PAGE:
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Public Statements

Statement of Virginia Leaders on U.S. Supreme Court Decision on the Voting Rights Act

By:
Date:
Location: Richmond, VA

Governor Bob McDonnell, Attorney General Ken Cuccinelli, Speaker William J. Howell and Senate Majority Leader Tommy Norment issued the following statements today following the decision by the U.S. Supreme Court to declare unconstitutional section 4 of the Voting Rights Act.

Governor Bob McDonnell:

"Today's ruling maintains the portions of the Voting Rights Act that prohibit discriminatory practices and procedures. As Governor, I will ensure that the Commonwealth remains committed to protecting the rights of its citizens and ensuring that every Virginian's vote counts. Virginia will continue to faithfully comply with the Constitution and the remaining provisions of the Voting Rights Act. I will work with the Attorney General to continue to conduct a thorough review of proposed changes to voting laws to ensure compliance with the Constitution and the VRA."

Attorney General Ken Cuccinelli:

"Virginia is committed to fair elections, fair voting districts, and ensuring everyone's vote counts. Regardless of the court's decision, legal mechanisms remain in place to safeguard the vote of Virginia's citizens. My role as attorney general is to ensure that those safeguards are followed and that Virginia's voting procedures continue to comply with state and federal anti-discrimination laws."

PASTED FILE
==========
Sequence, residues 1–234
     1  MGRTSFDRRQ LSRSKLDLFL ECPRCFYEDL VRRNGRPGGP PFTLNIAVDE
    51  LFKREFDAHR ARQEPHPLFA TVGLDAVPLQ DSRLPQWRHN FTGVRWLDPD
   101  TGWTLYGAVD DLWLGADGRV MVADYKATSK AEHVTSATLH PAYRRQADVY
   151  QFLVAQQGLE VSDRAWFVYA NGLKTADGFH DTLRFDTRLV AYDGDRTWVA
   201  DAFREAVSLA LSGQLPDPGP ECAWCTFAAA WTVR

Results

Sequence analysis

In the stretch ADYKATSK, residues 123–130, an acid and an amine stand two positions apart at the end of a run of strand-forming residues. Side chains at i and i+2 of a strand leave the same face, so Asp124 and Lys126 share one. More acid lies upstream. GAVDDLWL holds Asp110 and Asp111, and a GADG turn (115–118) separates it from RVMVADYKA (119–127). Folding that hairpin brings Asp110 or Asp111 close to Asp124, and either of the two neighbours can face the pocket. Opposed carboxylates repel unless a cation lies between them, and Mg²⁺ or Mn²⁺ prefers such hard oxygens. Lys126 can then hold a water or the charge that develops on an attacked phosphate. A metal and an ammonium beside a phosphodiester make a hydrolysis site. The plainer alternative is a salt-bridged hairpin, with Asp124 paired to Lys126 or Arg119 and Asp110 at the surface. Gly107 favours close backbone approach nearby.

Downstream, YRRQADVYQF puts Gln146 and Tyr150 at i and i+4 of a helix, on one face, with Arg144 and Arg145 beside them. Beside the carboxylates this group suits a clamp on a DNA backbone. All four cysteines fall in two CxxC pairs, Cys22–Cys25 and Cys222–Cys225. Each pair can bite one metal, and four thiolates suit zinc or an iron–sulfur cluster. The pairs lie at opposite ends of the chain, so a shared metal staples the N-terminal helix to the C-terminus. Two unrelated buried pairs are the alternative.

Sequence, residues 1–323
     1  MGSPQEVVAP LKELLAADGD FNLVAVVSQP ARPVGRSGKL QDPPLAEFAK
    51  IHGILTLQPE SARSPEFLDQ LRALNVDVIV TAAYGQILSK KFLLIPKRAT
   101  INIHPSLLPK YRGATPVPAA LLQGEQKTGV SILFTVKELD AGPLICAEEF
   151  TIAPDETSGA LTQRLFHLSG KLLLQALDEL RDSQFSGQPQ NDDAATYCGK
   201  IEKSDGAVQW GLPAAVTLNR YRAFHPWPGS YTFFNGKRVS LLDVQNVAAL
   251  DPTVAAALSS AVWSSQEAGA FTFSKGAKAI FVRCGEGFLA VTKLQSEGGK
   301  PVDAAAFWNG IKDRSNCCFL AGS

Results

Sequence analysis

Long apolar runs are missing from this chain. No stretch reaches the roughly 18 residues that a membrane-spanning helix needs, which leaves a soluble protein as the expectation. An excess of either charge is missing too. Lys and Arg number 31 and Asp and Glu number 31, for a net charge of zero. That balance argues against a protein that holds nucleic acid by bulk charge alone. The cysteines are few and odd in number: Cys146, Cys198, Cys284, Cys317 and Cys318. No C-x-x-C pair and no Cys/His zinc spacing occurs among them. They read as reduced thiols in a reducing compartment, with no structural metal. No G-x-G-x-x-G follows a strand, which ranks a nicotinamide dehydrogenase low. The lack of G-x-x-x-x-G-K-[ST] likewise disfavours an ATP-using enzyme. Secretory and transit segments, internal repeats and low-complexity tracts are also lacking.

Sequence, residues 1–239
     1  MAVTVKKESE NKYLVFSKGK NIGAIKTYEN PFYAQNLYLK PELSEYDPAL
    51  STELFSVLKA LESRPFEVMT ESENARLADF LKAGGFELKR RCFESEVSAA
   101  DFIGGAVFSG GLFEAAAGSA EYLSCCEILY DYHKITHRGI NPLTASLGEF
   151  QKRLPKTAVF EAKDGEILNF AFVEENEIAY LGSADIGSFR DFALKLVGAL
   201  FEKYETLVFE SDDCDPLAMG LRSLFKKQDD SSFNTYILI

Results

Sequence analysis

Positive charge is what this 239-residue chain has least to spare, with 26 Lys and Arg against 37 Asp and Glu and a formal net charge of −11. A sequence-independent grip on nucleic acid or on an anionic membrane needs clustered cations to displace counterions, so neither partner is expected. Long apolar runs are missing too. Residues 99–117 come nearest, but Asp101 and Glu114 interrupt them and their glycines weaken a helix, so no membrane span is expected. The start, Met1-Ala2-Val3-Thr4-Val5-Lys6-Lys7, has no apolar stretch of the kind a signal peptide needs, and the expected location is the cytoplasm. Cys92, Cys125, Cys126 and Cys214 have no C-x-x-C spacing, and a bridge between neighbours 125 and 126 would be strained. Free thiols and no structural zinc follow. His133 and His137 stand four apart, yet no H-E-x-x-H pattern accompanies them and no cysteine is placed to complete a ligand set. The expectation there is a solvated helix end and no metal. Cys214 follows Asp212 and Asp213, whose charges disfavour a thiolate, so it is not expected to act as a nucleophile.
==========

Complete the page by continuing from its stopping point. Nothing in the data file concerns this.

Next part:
Speaker William J. Howell:

"The General Assembly has been vigilant in drawing voting districts that are consistent with the law, which is why our district lines cleared President Obama's Justice Department scrutiny in the latest rounds of redistricting. The members of the General Assembly simply will not tolerate redistricting that sanctions discrimination."

Senate Majority Leader Thomas K. Norment, Jr.:

"Voter discrimination has no place in the Commonwealth and will not be tolerated by members of the Senate of Virginia. As every Virginia voter who believes a voting law or redistricting line to be discriminatory retains the ability to bring a court challenge, protections against voter discrimination remain intact despite the Supreme Court's decision on the Voting Rights Act."


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